In the 1930s, the one thing most Americans strived to achieve was the American Dream. This included owning your own land and being independent but in order to do it, Americans needed to work. In the book, Of Mice and men, the two main characters try to achieve the American dream and look for work. The main characters Lennie and George find work on a farm. The two-characters make an interesting duo because Lennie is mentally challenged and big while George is small and is always looking out for Lennie. But unfortunately Lennie accidentally killed the wife of the farm owner’s son, giving George few options, but in the end, George decided that killing Lennie was the most viable option. In Steinbeck’s Of Mice and Men, Georges act of killing Lennie was justified because mercy killings may be required during drastic situations in society. Initially, George killing Lennie was out of mercy because he felt responsible for Lennie and that it would’ve been worse for Lennie to live without the American Dream. In the story, this quote shows what the dream was to Lennie “‘An' live off the fatta the lan',' Lennie shouted.'’An' have rabbits. Go on, George! Tell about what we're gonna have in the garden and about the rabbits in the cages and about the rain in the winter and the stove, and how thick the cream is on the milk like you can hardly cut it.
Tell bout that George.’”(Steinbeck 16-17) This quote shows how important this dream was to Lennie, and how it would affect him if he couldn't achieve the dream. The American Dream was like an actual dream to Lennie, and George didn’t want to crush that dream for Lennie. When George found out what Lennie did he was searching for many solutions to save Lennie“ “Couldn’t we maybe bring him in an’ they’ll lock him up? He’s nuts, Slim. He never done this to be mean.” Slim nodded. “We might,” he said. “If we could keep Curley in, we might. But Curley’s gonna want to shoot ‘im. Curley’s still mad about his hand. An’ s’pose they lock him up an’ strap him down and put him in a cage. That ain’t no good, George.” “I know,” said George,(Steinbeck 94)“I know.” In the story, George knows Lennie better than anyone else and knows that everything bad that Lennie does is not on purpose.
However, he concludes that it would be way worse for Lennie to be locked up knowing that he will never be able to have the American Dream. In the end, George felt responsible for Lennie and had known him the best, so he decided that it was better for him to die with the idea of the American Dream instead living the rest of his life imprisoned without it. Consequently, mercy killing may be required during certain complicated situations in society whether it be deciding what happens to a loved one who is incapacitated or trying to help someone who is in an immense amount of suffering. There are many many tough situations that may involve mercy killing, this being one of them “Frances Inglis, aged 57, killed her son Tom, aged 22. He had been in a vegetative state for several months, having fallen from an ambulance and hit his head on the pavement. There was no hope of his ever recovering, let alone living life and living it more abundantly. His brave mother, who is studying for a nursing diploma, tried to kill him by the injection of pure heroin.”(Mercy killing is not a crime). In this situation, the mother should’ve had been allowed to have the choice of relieving her son from his suffering. His mother may have known what his final wishes were and that mercy killing was wah he might have wanted.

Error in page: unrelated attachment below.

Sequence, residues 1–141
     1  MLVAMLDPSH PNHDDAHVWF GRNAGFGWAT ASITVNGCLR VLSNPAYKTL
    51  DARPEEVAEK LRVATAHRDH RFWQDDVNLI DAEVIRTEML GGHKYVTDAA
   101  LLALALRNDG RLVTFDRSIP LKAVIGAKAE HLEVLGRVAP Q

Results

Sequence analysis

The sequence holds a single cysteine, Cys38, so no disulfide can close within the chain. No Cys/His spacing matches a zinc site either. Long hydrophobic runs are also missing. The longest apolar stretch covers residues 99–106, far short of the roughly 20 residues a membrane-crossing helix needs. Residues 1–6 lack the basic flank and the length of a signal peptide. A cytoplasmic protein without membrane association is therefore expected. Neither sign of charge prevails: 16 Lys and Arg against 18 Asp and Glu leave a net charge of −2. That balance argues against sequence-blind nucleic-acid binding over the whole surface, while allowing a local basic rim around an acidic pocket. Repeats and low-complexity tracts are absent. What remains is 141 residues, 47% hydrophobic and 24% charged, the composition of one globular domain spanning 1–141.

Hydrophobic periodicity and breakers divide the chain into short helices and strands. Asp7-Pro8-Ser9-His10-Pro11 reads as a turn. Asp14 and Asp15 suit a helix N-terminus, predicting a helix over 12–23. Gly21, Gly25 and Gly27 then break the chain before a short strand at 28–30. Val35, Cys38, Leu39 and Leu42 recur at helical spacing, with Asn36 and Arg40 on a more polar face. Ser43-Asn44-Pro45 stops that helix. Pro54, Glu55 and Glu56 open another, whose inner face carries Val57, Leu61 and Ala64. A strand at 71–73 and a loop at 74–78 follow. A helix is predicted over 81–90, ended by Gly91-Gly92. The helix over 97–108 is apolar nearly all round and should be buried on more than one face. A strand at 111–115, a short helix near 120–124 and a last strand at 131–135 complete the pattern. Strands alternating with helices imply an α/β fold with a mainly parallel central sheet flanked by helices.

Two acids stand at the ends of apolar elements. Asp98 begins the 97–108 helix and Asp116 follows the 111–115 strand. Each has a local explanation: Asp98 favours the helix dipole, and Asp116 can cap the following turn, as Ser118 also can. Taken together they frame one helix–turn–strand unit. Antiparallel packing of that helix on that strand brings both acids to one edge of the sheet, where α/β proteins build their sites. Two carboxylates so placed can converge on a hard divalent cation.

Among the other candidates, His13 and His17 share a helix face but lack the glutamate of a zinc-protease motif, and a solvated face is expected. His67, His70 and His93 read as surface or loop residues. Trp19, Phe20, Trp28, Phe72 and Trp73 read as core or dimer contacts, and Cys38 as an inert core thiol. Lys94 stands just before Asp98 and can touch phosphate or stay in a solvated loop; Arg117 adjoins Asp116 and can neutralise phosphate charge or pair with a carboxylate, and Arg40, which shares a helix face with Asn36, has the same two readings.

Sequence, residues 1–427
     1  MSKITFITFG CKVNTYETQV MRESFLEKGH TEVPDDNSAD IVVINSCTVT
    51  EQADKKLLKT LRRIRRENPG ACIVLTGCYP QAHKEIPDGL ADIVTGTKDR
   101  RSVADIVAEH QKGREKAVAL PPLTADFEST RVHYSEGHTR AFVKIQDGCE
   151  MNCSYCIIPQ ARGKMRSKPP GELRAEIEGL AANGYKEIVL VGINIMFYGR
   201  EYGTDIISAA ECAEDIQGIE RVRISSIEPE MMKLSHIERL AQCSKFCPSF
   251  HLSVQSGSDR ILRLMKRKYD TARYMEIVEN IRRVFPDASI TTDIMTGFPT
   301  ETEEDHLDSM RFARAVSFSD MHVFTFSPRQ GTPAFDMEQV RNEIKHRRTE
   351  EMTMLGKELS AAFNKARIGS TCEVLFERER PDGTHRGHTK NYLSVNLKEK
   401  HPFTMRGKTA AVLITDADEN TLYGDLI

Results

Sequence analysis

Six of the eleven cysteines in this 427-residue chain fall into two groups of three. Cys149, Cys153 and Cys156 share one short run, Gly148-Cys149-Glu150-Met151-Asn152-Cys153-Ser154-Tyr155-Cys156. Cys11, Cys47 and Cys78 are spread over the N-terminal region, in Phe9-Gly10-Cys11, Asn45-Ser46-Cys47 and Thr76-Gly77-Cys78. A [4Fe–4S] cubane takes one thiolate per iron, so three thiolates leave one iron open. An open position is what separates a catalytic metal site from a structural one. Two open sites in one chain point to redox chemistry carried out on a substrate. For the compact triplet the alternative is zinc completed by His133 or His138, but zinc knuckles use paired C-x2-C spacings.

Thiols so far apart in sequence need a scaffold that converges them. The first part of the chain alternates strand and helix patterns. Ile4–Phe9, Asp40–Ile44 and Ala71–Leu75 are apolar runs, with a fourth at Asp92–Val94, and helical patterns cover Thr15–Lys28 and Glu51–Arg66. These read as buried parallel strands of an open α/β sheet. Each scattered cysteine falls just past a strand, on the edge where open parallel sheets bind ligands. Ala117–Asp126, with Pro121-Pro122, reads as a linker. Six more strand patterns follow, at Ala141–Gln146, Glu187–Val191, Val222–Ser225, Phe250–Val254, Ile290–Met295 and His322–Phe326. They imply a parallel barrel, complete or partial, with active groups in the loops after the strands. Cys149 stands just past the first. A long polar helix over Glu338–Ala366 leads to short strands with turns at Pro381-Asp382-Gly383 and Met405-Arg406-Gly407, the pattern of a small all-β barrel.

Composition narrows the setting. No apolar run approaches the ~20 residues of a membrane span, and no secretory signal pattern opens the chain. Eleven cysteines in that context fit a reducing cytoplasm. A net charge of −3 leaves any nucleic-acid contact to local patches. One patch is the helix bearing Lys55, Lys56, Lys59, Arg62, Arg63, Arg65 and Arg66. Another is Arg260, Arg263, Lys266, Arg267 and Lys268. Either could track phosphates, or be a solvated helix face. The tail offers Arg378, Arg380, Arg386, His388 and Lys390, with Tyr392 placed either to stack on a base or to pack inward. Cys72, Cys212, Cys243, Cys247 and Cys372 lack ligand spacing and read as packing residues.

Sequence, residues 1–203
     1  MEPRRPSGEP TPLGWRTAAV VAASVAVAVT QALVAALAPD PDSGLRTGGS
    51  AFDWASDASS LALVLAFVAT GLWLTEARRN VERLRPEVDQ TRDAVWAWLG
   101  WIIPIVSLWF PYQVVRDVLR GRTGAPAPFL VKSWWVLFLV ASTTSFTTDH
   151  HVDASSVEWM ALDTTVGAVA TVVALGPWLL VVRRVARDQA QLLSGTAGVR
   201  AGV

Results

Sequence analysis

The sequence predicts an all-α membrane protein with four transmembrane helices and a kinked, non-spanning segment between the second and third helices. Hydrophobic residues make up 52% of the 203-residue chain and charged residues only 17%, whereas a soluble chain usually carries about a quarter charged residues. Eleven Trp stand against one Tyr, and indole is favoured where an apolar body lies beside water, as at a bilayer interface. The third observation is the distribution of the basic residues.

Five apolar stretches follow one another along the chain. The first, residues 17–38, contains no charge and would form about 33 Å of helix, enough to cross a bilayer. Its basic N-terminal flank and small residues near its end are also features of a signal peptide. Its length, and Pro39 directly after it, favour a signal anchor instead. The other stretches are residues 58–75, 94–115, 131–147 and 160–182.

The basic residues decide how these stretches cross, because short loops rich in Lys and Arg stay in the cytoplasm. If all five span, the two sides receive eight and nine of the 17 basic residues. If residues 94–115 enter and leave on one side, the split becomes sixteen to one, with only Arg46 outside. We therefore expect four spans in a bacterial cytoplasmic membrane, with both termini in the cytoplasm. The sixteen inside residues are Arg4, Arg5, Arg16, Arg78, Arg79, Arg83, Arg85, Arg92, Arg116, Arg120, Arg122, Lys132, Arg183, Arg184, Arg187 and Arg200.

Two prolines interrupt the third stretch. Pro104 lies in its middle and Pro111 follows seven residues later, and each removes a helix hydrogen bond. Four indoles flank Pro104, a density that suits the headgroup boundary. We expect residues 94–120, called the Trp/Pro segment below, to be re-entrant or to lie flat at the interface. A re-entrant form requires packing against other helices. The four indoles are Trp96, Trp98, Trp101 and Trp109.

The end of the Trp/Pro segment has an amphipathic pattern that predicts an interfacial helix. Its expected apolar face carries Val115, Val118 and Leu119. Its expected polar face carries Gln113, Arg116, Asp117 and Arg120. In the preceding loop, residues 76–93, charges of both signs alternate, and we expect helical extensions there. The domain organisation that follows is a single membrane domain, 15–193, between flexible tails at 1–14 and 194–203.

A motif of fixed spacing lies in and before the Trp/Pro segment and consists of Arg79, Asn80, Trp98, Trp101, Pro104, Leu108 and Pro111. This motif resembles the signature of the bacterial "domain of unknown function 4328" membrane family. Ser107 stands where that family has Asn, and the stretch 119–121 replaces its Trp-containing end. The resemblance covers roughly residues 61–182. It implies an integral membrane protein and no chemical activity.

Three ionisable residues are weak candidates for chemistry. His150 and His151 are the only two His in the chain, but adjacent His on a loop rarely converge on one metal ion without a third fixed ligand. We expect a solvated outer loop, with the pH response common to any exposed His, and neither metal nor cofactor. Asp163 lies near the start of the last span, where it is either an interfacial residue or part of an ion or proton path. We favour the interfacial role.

In some situations people in pain may not be able to die quickly “Just such an injustice was the conviction last week of Dr Nigel Cox, a British hospital consultant, for the attempted murder of Lillian Boyes--a dying patient in apparently unrelievable agony who asked to die, and did so after Dr. Cox injected her with potassium chloride”, and “Mrs. Boyes was dying of an unusually large number of complications of an unusually severe case of rheumatoid arthritis. Being touched made her scream. She asked to be killed, and her family wanted her to wish to be granted. A common practice in such cases is to give large doses of opiates, knowing that this will speed the end as well as ease the pain. A doctor can ease his own conscience by telling himself that he does not intend to kill but to lessen pain. This casuistry could not save Dr. Cox. Mrs. Boyes survived massive doses of heroin; and so did her agony’”(The kindness that kills). In this situation, the woman was in an extreme amount of pain and survived many medicines that were meant to ease the pain. She had given had wanted to die, and was in an immense amount of pain so in this situation mercy killing may have been the best option. Today in society they’re many circumstances that the best outcome for maybe mercy killing that may include deciding the final wishes of a loved one or helping someone who is terminally ill, in extreme pain, and wants it to stop. In the end, Georges act of killing Lennie was justified because mercy killings may be the most logical thing to do during conflicting circumstances in society.
George had known Lennie the best and that the American Dream was like an actual dream to Lennie. He thought that it would’ve been better for Lennie to die with the dream than being imprisoned without it. Certain situations in day to day life may require someone to relieve a loved one who is incapacitated and is in pain. Even in situations that involve a person who is an intolerable pain and is asking to be killed, mercy killing should be considered. Finally, in order for society to understand the concept of mercy, the idea of mercy killing should be thought of.
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